Now the Obama administration has taken its first concrete steps to reduce future threats. Yesterday, it cancelled new lease sales scheduled for next year and 2017 in our Polar Bear Seas—the Chukchi and Beaufort—off the north Alaskan coast. And just said "No" to extension requests from Shell and others holding existing leases in the region.
Kayaktivists protest Arctic drilling in Seattle, Washington. Photo credit: Natural Resources Defense Council
This is big. Up to now, the federal government has treated Arctic Ocean drilling as a done deal. As recently as last May, the President tweeted: "we can't prevent oil exploration completely in region."
[email protected] 2/ But since we can't prevent oil exploration completely in region we're setting the highest possible standards— President Obama (@President Obama)1432832576.0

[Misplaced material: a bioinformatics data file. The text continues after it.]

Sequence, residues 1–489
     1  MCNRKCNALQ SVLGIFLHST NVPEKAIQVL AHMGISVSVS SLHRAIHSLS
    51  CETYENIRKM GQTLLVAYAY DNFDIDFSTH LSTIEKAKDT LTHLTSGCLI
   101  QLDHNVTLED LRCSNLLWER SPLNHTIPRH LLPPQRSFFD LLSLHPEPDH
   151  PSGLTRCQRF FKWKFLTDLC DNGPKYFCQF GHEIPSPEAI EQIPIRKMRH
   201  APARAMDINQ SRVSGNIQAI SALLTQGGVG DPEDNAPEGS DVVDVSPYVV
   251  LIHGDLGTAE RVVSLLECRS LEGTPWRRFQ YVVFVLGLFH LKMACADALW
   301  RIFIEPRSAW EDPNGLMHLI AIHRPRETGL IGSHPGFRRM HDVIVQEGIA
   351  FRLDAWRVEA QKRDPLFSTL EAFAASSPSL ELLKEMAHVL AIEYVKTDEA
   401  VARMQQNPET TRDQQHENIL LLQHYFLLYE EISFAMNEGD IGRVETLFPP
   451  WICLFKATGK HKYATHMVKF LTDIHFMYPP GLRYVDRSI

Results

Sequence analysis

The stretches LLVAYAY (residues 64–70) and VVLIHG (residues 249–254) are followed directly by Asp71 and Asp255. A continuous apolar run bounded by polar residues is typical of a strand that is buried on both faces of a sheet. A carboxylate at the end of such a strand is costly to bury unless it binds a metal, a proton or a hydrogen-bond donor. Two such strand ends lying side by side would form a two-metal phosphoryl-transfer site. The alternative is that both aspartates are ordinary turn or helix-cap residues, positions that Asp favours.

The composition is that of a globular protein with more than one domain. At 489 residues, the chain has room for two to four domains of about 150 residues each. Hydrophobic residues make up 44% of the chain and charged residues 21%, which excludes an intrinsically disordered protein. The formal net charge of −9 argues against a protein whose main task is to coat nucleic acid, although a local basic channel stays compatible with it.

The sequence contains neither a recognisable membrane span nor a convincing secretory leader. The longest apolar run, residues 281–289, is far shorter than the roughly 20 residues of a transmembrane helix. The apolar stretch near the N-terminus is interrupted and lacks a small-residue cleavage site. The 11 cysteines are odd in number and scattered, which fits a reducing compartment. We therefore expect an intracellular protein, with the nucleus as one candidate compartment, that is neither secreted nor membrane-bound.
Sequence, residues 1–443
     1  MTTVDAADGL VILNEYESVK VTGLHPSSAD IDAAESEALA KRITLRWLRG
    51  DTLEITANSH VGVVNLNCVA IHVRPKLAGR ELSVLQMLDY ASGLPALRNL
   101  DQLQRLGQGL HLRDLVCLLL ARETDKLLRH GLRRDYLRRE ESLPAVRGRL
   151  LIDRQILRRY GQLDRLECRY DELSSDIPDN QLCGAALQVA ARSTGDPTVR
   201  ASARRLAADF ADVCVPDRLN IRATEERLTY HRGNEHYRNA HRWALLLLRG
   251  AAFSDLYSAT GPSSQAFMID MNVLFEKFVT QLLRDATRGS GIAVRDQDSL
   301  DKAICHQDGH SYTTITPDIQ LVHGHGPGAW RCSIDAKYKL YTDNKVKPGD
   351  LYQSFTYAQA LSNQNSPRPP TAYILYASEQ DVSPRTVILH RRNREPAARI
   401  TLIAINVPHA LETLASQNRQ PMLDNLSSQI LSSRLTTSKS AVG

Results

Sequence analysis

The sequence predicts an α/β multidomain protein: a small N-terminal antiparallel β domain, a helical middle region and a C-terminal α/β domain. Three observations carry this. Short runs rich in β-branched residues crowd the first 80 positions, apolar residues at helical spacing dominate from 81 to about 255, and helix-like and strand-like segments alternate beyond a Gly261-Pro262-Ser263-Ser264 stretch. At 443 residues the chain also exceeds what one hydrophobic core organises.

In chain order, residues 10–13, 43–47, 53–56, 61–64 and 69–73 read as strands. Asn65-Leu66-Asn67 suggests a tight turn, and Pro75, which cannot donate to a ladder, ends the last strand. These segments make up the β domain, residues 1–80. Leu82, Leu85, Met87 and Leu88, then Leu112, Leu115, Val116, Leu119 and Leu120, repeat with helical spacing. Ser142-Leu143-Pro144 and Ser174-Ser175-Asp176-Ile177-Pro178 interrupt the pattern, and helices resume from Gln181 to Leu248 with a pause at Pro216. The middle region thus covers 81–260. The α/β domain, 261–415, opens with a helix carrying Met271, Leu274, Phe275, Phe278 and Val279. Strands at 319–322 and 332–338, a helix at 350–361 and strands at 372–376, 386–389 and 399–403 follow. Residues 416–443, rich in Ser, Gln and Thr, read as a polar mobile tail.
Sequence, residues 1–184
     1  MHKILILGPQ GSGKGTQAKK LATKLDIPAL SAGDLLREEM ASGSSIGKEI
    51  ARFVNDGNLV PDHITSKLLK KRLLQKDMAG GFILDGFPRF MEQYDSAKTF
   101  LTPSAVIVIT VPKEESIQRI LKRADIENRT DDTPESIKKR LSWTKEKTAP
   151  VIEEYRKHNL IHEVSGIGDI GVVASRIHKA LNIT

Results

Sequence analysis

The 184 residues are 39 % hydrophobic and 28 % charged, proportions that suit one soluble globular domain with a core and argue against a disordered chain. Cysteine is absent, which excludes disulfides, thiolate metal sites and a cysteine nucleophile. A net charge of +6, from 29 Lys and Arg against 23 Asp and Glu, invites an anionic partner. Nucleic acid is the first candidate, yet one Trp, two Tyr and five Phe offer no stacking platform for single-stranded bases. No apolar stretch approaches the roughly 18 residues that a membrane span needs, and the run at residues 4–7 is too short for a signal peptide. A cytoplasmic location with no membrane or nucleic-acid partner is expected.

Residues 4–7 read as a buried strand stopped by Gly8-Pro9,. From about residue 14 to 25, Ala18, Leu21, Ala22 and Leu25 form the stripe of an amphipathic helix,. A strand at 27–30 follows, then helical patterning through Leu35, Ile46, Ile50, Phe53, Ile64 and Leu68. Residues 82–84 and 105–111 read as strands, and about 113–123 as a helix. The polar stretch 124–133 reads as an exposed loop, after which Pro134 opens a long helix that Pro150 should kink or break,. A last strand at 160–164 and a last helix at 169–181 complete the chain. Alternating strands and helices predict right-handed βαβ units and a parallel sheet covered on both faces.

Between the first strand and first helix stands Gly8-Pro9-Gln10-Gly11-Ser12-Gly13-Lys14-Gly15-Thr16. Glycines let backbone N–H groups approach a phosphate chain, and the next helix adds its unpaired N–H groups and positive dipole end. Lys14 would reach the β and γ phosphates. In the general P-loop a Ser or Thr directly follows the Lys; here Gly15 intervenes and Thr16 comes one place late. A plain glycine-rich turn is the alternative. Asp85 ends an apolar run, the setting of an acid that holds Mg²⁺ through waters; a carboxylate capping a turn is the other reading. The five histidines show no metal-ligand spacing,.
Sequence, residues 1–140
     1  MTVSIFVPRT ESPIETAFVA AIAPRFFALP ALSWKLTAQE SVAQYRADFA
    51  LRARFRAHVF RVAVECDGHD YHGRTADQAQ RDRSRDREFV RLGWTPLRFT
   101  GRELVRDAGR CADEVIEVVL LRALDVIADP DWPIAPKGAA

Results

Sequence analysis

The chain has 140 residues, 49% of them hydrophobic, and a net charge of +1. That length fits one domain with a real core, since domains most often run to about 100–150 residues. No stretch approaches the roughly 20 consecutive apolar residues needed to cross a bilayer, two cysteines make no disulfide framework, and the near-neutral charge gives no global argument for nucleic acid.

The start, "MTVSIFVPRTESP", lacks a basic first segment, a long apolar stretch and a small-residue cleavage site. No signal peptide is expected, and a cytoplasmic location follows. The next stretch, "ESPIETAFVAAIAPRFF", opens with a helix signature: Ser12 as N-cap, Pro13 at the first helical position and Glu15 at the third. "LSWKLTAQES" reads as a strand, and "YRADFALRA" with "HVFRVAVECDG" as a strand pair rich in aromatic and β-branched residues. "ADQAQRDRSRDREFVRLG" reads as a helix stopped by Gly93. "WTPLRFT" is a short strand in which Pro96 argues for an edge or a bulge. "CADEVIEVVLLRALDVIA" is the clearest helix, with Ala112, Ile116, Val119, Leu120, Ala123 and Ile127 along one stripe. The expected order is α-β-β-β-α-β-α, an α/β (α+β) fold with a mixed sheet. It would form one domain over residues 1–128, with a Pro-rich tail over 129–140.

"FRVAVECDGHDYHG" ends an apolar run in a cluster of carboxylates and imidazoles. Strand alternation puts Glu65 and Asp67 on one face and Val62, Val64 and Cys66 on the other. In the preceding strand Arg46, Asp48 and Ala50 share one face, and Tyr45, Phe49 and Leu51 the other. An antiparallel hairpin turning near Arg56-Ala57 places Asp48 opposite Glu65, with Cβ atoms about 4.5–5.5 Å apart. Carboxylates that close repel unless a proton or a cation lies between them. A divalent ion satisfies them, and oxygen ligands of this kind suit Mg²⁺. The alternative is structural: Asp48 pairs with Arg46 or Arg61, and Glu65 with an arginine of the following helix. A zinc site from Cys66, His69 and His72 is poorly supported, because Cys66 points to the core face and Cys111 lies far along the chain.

His administration focused on excluding some high value areas and saying drilling would be subject to high standards. It tentatively proposed to allow more leasing in the Arctic Ocean (and the Atlantic) after 2017.
Shareholders demanded that Shell explain how its exploration policies squared with limiting damage from global warming. Again rightly, not least because of the likelihood that increasingly effective carbon regulation and affordable efficiency and clean fuel alternatives will "strand" fossil fuel assets, forcing companies to write them off.
Alaska Natives joined environmentalists to enforce protective laws when the federal government didn't, setting back efforts to jam through new drilling.
And yesterday, the Obama administration is starting to actively pull our energy policy away from the Arctic Ocean. Turns out drilling there may not be inevitable. "All of the above" was always a slogan, not literally a policy: there were always some places off the table. Now we have a real shot at adding the U.S. Arctic Ocean to that list—if we don't let up.
So hurrah for Obama, props to all those who raised their voices and/or their paddles, and let's keep on keepin' on.
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